Mediocre Memory

We want to think that our ability to remember things is flawless but the truth is that our brains are not wired to record data like a computer does. Sad but true. But who knows what the future holds for us. (Looking at you, Borg.)

Scientists have done incredible studies to see how and why our memories work the way they do. If I have understood the things I have read on the subject correctly, the idea is that keeping notes is a tool to—not remember things completely mind you—but to improve our ability and capacity to remember things. The act of writing about something you’re listening to or reading provokes a reaction in your brain that can mean you will have an improved remembrance. Having a brain (it helps) + having a language (also helps) + listening/reading + performing an action like writing = strong memories being formed because more centres of your brain are being used in the creation of that memory. I think. I’m not a neuroscientist. Fact-check at your own leisure, but I’m pretty confident about it being accurate.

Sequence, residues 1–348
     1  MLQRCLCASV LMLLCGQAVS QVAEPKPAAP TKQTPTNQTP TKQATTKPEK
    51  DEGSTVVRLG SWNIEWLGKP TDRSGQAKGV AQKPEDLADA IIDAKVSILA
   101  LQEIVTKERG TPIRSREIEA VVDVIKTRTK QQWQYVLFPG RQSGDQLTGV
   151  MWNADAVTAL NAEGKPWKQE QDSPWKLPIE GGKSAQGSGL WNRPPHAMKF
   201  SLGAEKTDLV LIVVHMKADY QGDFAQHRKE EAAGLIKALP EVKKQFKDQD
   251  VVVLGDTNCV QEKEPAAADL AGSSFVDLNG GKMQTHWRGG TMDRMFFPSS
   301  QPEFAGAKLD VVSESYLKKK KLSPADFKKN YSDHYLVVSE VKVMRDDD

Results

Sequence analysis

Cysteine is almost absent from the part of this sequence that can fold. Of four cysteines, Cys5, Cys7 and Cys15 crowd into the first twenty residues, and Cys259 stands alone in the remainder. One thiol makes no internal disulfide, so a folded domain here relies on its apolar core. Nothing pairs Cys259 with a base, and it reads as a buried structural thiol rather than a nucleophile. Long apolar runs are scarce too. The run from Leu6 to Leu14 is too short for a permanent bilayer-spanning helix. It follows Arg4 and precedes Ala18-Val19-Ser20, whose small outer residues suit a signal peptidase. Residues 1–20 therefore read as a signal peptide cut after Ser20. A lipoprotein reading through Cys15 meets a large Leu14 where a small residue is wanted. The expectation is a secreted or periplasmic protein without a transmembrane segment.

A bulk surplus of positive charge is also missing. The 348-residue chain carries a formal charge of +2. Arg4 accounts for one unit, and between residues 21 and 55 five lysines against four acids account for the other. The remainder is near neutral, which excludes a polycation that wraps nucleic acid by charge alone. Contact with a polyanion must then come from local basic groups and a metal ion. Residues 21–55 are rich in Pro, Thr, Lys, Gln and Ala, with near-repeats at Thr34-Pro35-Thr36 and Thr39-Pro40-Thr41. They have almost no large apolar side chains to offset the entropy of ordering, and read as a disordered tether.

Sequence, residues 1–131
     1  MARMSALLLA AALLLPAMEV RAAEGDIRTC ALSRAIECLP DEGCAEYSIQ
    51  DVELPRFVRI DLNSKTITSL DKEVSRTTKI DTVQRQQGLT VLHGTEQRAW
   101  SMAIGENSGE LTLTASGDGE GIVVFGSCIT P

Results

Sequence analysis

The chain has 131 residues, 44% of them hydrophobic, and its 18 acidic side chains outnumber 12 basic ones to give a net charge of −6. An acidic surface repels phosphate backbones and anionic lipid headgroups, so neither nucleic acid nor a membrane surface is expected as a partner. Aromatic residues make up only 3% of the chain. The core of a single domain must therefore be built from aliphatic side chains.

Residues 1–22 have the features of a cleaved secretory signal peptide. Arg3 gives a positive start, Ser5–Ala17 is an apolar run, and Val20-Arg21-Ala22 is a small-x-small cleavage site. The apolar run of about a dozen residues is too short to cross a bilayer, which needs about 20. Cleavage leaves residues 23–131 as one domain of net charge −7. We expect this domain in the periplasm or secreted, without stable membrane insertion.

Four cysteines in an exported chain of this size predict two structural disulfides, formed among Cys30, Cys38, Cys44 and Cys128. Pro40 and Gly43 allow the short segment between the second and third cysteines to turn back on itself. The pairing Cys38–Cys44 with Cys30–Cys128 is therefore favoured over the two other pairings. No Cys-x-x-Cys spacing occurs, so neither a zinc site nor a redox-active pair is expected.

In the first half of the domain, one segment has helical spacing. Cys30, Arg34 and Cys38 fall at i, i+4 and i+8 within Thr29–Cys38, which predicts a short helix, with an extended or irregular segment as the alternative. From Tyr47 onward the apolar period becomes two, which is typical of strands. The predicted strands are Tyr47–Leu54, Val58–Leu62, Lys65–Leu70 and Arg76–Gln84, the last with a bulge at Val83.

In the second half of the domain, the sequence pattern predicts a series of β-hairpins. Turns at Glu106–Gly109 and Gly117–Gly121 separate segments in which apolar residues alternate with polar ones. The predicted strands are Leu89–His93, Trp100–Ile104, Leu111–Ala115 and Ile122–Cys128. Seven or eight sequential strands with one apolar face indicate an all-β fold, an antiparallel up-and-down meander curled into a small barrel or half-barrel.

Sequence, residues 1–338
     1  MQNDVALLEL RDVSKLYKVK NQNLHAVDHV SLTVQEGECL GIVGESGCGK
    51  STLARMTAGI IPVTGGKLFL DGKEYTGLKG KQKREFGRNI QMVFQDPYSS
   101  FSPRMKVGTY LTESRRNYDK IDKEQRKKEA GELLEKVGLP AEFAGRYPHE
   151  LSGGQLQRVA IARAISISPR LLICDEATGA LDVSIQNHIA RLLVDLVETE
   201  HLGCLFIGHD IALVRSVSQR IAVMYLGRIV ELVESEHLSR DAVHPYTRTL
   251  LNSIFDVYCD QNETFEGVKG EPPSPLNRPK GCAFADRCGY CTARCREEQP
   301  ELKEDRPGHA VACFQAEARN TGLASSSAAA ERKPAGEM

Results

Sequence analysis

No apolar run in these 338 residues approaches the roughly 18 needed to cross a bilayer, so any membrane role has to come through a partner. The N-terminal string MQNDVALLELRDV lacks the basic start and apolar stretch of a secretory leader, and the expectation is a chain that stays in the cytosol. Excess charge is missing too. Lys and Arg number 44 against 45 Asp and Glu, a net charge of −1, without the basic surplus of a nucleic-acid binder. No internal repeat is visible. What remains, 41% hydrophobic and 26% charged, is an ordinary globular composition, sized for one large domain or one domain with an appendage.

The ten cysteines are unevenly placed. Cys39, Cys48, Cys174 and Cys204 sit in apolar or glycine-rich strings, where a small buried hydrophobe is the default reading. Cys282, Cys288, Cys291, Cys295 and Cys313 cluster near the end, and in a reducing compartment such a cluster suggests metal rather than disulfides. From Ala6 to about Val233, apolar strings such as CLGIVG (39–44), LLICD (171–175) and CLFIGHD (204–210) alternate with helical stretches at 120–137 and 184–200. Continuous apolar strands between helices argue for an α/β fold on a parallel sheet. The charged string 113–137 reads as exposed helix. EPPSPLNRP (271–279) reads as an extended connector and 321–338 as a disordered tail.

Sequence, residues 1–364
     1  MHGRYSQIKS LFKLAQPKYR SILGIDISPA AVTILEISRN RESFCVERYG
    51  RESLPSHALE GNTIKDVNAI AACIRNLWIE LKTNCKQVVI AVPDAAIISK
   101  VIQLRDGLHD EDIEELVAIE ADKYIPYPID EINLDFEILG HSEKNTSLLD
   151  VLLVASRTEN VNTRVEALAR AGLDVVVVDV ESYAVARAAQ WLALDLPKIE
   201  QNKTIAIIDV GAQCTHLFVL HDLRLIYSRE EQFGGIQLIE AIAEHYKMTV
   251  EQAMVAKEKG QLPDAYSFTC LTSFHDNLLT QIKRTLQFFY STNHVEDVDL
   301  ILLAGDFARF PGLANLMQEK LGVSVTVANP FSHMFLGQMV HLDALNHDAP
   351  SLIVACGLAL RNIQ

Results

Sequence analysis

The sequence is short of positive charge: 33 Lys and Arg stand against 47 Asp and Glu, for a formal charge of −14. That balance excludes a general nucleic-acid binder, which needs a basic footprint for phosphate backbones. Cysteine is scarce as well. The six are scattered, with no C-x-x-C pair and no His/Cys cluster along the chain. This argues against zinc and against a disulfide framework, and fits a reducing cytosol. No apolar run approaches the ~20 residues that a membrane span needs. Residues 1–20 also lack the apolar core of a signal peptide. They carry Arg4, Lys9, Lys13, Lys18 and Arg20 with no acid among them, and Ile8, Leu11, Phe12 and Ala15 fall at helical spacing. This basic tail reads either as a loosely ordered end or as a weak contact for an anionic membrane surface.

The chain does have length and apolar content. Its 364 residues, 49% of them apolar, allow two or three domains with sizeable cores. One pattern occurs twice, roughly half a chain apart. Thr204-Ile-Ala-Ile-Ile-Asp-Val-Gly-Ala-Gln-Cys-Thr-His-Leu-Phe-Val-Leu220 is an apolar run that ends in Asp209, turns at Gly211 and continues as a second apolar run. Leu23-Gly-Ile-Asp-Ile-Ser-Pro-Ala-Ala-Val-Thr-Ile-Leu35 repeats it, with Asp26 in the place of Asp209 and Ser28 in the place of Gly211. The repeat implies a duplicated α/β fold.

Life Lessons Through Dreams

Dreams. What are they, even? Do our complicated brains use them as a way to deal with anxieties we would usually repress in waking life? Are our unconscious minds trying to speak to us? Are our Shadow-selves trying to bust in with their two cents? Is someone else? Something else? (Creepy.)

I despise the recurring phenomenon of having an epic dream only to forget it halfway through my porridge, then be really cranky that I didn’t write it down when I had it, then remembering it again in a flash at some other inopportune moment where I am without my writing gear. Moral of the story—write! Keep that memory! Because reading through past dreams can help you think a little bit deeper about yourself, what drives you, and how do deal with myriad joys and anxieties. The path the selfhood is definitely a strange one.